Every few months, I touch base with Cristian Amitroaie, CEO of AMIQ EDA, to learn more about how AMIQ is helping hardware design and verification engineers be more productive. Quite often, his answers surprise me. When he started describing their Design and Verification Tools (DVT) Eclipse Integrated Development Environment (IDE), my first reaction was that engineers had plenty of GUIs at their fingertips already. When he talked about Verissimo SystemVerilog Testbench Linter, I said that lint surely must be a solved problem by now. Then I wondered how the Specador Documentation Generator differs from all the shareware solutions available. In my most recent talk with him, the topic was AMIQ EDA’s DVT Debugger, their fourth major product. Given that simulators have built-in debuggers I was curious once again how their tools are differentiated and how they actually make money.
As in our previous discussions, Cristian was clear in describing the limitations of other solutions, including features built into other tools. In the case of interactive debugging of test cases, the major simulators do have some nice capabilities. However, the GUIs are different and proprietary, so moving from an IDE to a simulator for debug is jarring. If the project uses multiple simulators, a not uncommon practice, the engineers are cycling through multiple screens constantly. The DVT Debugger is an add-on to the DVT Eclipse IDE, so users can debug in the same environment that they use to write, analyze, and visualize their design and verification code in SystemVerilog, VHDL, or the e language. The tool supports all major simulators, so even with multiple vendors involved the debug interface is unchanged.
The DVT Debugger provides all the interactive functionality that software programmers enjoy, applied to design and verification code. The debugger can launch a new simulation run or connect to an existing run on the same machine or on the network. Users can insert breakpoints into their code, including conditional breakpoints, and enable or disable them. A breakpoint stops a running simulation to allow examining the values of variables to see what is happening in the design and testbench. It is possible to change variable values before resuming the run or starting a new one. Under user control, the debugger can step line by line through the code, step over (skip) a line of code, or step into or out of a function. The complete call stack is displayed, and users can move up or down. Users can define and watch complex expressions for more insight into the running code. Further, dedicated views display the simulation output and allow typing commands directly to the simulator.
While using all these debugging features, users remain within the IDE. They can take advantage of all the navigation and visualization features for which the DVT Eclipse IDE is known. These include tracing signals, finding usages, generating schematic views, and cross-probing across the wide range of available views. The Debug View and the code editor are always synchronized. For example, when the user moves up and down the call stack, the active line corresponding to the selected stack frame is automatically highlighted. Similarly, the Variables View displays the variables associated with the stack frame selected in the Debug View. These include the arguments of the current function, locally declared variables, class members, and module signals. Users can change variable values at runtime from this view.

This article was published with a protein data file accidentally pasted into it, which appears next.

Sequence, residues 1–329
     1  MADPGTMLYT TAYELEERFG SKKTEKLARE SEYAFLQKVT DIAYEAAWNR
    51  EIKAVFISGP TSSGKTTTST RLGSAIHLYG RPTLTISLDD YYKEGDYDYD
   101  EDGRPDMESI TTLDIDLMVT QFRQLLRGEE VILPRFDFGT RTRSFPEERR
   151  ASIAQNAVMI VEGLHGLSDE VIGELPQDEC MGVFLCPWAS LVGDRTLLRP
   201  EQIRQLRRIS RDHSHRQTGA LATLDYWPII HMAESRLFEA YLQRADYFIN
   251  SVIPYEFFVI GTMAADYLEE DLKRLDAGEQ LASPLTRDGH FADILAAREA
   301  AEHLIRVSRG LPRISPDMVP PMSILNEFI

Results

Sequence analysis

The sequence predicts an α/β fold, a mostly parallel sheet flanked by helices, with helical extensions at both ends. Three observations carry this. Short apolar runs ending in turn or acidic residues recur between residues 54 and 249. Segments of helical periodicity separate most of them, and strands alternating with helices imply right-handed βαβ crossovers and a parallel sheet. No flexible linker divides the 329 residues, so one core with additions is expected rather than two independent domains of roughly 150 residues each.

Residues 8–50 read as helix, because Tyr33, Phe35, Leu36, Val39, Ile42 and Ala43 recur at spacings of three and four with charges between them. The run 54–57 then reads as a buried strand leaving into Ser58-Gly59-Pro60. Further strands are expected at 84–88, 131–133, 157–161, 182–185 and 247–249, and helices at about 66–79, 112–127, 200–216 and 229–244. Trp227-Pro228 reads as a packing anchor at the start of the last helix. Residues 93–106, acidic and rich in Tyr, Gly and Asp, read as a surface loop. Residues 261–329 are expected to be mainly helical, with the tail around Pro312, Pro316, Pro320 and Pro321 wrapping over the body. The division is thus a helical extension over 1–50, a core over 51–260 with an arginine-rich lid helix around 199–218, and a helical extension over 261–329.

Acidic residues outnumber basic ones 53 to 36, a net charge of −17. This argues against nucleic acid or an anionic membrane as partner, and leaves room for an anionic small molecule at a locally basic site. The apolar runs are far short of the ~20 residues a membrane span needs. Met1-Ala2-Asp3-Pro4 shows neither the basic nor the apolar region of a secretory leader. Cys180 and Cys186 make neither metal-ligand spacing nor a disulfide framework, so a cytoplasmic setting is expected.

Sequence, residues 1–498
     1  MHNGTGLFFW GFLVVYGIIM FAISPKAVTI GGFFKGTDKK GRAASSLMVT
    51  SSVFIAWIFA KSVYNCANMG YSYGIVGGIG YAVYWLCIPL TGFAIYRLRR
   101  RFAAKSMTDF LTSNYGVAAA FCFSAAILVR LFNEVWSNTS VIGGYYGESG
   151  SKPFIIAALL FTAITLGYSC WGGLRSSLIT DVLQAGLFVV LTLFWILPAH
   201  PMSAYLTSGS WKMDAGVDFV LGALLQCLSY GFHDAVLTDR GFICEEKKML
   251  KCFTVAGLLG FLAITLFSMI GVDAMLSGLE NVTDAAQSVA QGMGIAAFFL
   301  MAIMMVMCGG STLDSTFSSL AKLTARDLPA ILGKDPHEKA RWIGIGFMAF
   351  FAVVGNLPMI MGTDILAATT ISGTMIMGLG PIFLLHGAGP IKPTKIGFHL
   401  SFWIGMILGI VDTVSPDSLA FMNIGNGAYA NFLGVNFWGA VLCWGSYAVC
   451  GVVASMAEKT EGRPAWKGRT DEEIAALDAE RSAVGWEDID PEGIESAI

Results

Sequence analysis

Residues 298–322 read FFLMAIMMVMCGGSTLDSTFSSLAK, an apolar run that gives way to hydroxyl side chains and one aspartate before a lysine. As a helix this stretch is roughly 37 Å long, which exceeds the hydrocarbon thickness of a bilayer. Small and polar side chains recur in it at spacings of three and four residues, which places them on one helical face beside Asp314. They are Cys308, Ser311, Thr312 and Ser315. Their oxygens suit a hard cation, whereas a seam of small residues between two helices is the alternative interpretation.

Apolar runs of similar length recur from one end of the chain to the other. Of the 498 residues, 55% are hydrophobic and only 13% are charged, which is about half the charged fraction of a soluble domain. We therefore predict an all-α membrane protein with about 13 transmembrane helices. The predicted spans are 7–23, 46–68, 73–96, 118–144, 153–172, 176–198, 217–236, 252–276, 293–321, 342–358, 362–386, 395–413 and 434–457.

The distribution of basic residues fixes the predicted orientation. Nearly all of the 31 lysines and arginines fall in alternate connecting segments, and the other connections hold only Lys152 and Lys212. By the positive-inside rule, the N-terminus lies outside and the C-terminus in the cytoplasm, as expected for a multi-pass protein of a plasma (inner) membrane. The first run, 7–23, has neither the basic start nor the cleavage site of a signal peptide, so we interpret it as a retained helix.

A powerful debugger is required for modern hardware designs. Cristian reminded me of the old-fashioned way of debug: adding print statements to the code to trace what’s happening. Well-designed debug messaging is valuable, but iteratively adding temporary statements is tedious and error-prone since engineers must guess the source of a test failure and re-compile every time they change the code. These temporary print statements should be deleted so they do not reduce code readability and clutter simulation output once the bug is fixed, but editing code excessively introduces more risk. Controlling a simulation as a test runs, having full visibility into all variables, and modifying variables to exercise “what-if” scenarios make for a more scalable and more efficient process.
I asked Cristian whether DVT Debugger users ever use the debuggers built into the simulators, and he said that they do. Simulation vendors provide a lot of “hooks” for other tools to link in but there may be features available only in their own debuggers that require proprietary connections. He said that the goal of their tool is not to replace simulator debuggers but rather to offer a rich, software-like debug experience in the same environment where design and verification engineers write their code. As in their other products, AMIQ EDA has taken powerful, proven techniques originally developed for programmers and adapted them to add value to the hardware design and verification flow. As Martha Stewart used to say, it’s a good thing.
To learn more, visit https://www.dvteclipse.com/products/dvt-debugger.
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